I was the first Canadian journalist based in the Soviet Union when The Canadian Press Moscow bureau opened in June, 1964. Those were tense years. At first my wife and I lived in the office at the Hotel Ukraine under constant police surveillance. It troubled me. I lost weight and developed a debilitating skin condition which a local doctor diagnosed as “Mongolian mold”. It was more likely eczema.
The Red Square parades every November 7th and May 1st were fantastic. We sat in the stands and saw huge ballistic missiles, goose-stepping troops and members of the Soviet Politburo watching from the top of Lenin’s tomb. I saw both Khrushchev and Brezhnev, and took very careful notes on who was standing closest to the Secretary General of the Communist Party; it was always a clue of what was happening with closed-door Soviet power struggles.
In 1965 the old guard started to tighten its grip and life became even more unpleasant in the Soviet Union. We weren’t allowed to journey more than 20 kilometres from the city without escort, and travel was an unhappy experience anyway: roads were atrocious, infrastructure was crumbling and people were guarded. There were odd things too. You never saw anybody on the street who was disabled or in a wheelchair; they were warehoused. So many times since I’ve wondered what happened to those poor people.
There were few distractions. We saw the Bolshoi Ballet and the Moscow Symphony. We skated in Gorky Park. But the best outlet in that tense winter of 1965 was hockey.
The Allan Cup-champion Sherbrooke Beavers came to town to play the finest Red Army squad. The Beavers were the best amateur players Canada had to offer but they were no match for these great Russian fellows. The Red Army was absolutely dominant and scored only ten seconds into the first game. The Canadian players started a fracas as Russian fans yelled “Hooligani! Hooligani!”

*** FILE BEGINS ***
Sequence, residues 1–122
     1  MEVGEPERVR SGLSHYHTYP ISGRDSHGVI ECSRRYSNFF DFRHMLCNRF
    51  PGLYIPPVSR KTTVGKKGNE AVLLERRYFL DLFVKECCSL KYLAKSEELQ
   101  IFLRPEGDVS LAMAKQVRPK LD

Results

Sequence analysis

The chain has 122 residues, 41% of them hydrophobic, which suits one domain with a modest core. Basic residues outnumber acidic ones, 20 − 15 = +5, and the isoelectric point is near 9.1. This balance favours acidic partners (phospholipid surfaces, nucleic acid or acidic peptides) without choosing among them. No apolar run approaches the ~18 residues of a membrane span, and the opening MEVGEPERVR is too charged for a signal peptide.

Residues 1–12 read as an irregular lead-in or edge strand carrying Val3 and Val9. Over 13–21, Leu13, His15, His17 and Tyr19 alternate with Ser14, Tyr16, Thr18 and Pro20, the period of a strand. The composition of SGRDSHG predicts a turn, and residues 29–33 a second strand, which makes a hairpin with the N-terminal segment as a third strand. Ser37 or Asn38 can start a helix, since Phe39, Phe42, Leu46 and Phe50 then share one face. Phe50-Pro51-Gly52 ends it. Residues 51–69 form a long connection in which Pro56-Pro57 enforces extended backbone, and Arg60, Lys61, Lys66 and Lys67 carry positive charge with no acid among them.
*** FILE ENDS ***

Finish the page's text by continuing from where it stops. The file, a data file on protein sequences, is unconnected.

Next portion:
The Canadian captain spit at the fans which nearly caused a riot. Hordes of Soviet policemen tried to maintain control. The Canadian ambassador Robert Ford threatened our players if they didn’t behave, the rest of the series would be cancelled. I wrote the story.
I played hockey too. The Canadian embassy team was called the Moscow Maple Leafs. Our sweaters were blue and white; I wore one though I was a Habs fan. I was a defenceman; my colleague Peter Worthington of the Toronto Telegram played forward. Peter was a good little hockey player and liked to wear number 007 on his sweater.
We practiced on the Americans, who weren’t very good, but had a defence attaché who’d played football for the Baltimore Colts. That guy was rough on his skates but he seemed to worry the KGB secret police who came to watch our practices. A few times the agents got a puck in the stands and were lucky to keep their teeth. Our team defeated the Czech embassy two years in a row but we lost to Tass, the Soviet News Agency.
There were only about half a dozen indoor rinks in all of Moscow in those days. One of them was called the Lenin Arena. The rest of the ice was outdoors and those games were freezing.
We had our hockey equipment shipped over from Canada but once I took a chance on a pair of skates purchased for next to nothing on the Russian market. I was sailing along nicely during a game when suddenly I went crashing into the boards. My body was draped over the boards and I could not breathe for thirty seconds. I thought I was going to die but recovered with only a few bruised ribs. Inspecting my skates later I discovered the blade had pulled right off the poor-quality boot. Soviet-era workmanship almost killed me.
At the end of three years CP invited me to stay on in Moscow but I felt it was time to leave. When you’ve seen one Soviet ice rink, you’ve seen ‘em all.
(Editor’s note: the author is a Life Member of the Canadian Parliamentary Press Gallery)